The most obvious, out-of-place feature for a supposed 1965 Tiger was a complete square cornered body.  After verifying genuine, "factory" pedigree (no question Bob's car was the real McCoy) additional oddities against a "B947" machine included, a full GT style interior and foot-well fresh air ventilation system.  The central disqualifier exposed at this outing - a "Carnival Red" code on the chassis plate, with unimpeachable clues of dark blue as an original color.  I must admit I was a bit surprised at Bob's reaction to the revelations.  Instead of being madder than hops, he seemed totally into the investigation and more than willing to undertake whatever would be necessary to discover the real identity of his Tiger.

Definitely not what they thought it was.  Surprisingly, it might just be more than anyone imagined.

As a result of some recent digging, we now know that less than thirty-five, 1966 Sunbeam Tigers were built to be sold in England.  If this example proves to be the car we think it is, it's one of a very small fraternity.



The definitive evidence (at least as far as I was concerned) wouldn't surface for many months.  Scheduled activities around the STOC party, just didn't allow getting the car up in the air and checking the drive train numbers, but Bob agreed to crawl under his classic and verify the back axle and gearbox assignments, as soon as practical.  I can't help but pull his leg a little, "Practical" for Mr. Cranham turned out to be April 10th, of 2005.  I had been prodding him for nearly a year, so when the numbers email finally arrived, you can believe I was ready.  It took all of two seconds to find the Jensen entry that laid claim to both of the identified components.  It would take another hour to be convinced of what I had uncovered.  As is often the case, pictures are worth thousands of words.  When the numbers from Bob pointed to B382002137 HROFE, I pulled up the images sent by Andy Wright.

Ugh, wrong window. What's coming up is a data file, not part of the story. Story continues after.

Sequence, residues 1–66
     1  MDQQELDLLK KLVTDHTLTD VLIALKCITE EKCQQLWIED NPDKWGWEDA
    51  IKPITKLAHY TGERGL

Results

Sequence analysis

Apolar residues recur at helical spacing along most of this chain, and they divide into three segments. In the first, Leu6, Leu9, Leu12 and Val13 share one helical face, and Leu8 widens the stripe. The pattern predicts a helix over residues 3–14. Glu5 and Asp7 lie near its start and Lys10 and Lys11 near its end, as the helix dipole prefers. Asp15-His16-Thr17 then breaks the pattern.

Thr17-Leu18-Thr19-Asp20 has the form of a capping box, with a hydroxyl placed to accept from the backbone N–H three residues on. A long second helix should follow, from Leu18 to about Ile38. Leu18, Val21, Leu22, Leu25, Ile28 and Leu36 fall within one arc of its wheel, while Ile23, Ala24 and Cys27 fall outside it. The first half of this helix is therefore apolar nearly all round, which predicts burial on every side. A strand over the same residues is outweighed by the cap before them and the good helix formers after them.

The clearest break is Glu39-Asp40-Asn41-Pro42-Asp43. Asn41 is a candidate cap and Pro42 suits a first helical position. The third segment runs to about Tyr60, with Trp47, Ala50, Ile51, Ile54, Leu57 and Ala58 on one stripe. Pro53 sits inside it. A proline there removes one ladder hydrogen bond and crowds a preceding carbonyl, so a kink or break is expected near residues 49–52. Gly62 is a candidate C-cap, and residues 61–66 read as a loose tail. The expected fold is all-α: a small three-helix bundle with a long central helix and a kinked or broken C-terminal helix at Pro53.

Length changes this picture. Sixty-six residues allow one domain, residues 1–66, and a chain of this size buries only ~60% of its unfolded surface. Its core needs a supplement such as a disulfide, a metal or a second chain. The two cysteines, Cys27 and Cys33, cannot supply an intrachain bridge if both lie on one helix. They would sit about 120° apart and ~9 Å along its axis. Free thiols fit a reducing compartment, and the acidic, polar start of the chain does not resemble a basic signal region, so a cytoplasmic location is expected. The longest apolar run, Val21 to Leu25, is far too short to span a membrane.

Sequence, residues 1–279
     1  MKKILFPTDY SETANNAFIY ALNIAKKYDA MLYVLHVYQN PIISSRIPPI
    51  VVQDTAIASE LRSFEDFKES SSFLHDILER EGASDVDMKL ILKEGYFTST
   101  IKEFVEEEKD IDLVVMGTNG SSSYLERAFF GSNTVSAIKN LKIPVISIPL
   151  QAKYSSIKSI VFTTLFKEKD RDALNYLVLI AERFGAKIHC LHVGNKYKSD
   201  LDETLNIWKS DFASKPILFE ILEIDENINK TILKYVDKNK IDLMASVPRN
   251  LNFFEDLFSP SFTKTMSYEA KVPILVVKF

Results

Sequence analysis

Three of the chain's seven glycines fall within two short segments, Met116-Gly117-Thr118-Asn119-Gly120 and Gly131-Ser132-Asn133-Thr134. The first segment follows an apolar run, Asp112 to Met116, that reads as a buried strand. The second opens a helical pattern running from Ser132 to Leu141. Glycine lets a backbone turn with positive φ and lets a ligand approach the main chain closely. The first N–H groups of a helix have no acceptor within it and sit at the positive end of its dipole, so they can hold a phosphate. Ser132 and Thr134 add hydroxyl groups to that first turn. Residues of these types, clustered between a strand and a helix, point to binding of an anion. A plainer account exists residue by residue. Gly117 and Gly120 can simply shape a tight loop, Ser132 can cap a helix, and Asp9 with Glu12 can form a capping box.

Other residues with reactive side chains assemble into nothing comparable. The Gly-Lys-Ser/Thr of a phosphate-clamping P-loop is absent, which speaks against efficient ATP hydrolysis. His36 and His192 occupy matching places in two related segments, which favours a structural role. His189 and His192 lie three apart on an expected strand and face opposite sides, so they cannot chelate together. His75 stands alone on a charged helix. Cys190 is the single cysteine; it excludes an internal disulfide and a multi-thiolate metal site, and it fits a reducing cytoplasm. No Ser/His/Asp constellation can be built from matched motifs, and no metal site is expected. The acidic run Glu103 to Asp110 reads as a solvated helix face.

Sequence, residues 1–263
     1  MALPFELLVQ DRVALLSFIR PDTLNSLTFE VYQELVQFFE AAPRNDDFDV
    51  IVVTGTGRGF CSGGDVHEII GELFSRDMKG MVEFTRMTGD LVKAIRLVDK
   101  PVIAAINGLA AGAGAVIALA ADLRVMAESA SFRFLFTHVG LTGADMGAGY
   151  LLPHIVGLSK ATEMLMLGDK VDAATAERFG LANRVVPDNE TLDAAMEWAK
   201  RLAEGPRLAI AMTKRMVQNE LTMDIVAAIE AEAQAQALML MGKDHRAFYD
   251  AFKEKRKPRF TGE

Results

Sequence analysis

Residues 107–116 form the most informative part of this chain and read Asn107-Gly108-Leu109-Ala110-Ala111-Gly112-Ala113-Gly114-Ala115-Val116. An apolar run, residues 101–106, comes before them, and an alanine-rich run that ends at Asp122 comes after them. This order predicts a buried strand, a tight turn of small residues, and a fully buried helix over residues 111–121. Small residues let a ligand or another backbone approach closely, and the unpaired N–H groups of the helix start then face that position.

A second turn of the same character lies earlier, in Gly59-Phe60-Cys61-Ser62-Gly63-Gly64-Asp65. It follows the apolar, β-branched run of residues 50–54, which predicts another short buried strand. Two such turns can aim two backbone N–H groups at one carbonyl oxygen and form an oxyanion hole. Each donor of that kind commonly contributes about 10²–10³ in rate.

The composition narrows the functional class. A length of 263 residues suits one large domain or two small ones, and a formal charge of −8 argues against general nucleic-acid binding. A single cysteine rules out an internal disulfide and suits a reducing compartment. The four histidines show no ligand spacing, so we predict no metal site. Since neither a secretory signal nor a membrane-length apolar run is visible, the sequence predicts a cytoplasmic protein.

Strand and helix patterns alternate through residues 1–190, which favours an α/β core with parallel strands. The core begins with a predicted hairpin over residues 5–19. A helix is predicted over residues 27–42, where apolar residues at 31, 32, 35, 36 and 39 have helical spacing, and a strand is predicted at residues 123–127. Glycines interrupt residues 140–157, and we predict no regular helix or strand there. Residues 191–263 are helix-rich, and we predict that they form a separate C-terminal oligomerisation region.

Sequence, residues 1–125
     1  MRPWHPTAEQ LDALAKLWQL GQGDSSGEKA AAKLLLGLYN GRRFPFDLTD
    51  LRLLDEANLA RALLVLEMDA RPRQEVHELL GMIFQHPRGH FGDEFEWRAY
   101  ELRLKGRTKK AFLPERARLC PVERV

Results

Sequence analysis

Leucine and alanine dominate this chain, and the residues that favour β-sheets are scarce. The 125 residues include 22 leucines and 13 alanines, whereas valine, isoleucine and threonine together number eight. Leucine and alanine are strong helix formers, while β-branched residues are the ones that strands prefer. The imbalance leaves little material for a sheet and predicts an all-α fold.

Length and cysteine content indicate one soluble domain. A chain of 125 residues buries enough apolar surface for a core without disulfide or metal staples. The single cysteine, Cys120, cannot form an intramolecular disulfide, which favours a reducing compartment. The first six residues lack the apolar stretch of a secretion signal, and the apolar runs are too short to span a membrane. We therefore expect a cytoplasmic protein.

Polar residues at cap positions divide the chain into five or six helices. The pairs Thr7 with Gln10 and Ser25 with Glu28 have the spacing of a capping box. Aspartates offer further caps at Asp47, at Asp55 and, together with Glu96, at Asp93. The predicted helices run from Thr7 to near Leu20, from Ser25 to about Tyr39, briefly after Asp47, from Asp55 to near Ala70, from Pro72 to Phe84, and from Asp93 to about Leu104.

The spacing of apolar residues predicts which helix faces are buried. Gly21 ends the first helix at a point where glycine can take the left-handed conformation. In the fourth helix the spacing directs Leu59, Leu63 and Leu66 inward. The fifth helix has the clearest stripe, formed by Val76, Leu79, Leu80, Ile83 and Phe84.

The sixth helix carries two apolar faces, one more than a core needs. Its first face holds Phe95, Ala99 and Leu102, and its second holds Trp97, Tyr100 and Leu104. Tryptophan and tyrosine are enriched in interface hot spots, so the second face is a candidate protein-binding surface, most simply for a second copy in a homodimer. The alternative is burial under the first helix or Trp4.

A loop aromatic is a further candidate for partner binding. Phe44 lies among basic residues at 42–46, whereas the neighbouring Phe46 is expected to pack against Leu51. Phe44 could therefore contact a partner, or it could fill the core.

The first thing that caught my eye with GDP 333D was the forward mounting location of the radio antenna.  Possibly prompted by the desire for a disappearing mast, that position on the fender is quite uncommon.  It happened I had a similar side shot of ECW 834D, from a collection of pictures used in a classified just before Bob's purchase.  Once I had them next to each other, it was pretty obvious they were the same machine.  After all, what are the odds that two, different English Tigers could have antennas in exactly the same location?  Further, what are the odds that a re-tagged '66 car, that is now red, but was originally dark blue, would end up with its antenna in precisely the same position as a '66 car, that was originally Midnight Blue and is now supposed to be missing?  Armed with enough to make me comfortable about spreading the good word, I called Mr. Cranham, sent emails to Andy Wright and the chairman of STOC (Graham Vickery) announcing the findings.  All were blown away, especially Mr. Wright.  Andy had an especially fond memory of his car and at some point in the back and forth, sent the following:

Books and their covers have historically conspired to deceive.  This time however, a telltale points to the real manuscript. 

An afterthought comparison revealing a pair of Wipac backup lights that also survived the masquerade.  The upper photo comes from the excellent CD ROM effort of Simon Lawrence "40 Years Of The Tiger".

Hi Norman,

When I met my wife Jane, we both had 1965 MG Midgets which was part of the reason we met in the first place. When we got engaged we actually went looking for an MGB-GT but couldn't find one we liked. In the process we came across this Tiger and promptly fell in love with it. We took it on our honeymoon and although we only owned it for a couple of years before we emigrated, we have truly fond memories of the car. Hindsight is always 20/20, but I wish now we had found a way to bring the Tiger with us - I'm sure we would still own it today.

Regards, Andy

The best part of this story is probably still to come.  The locals (that would be the boys in England) are heavy into their own hunt for details.  The questions about who - what - where - when, will surely be answered at some point.  When they are, I'm betting there will be more than enough for another fascinating "Bits & Pieces".

Happy Tigering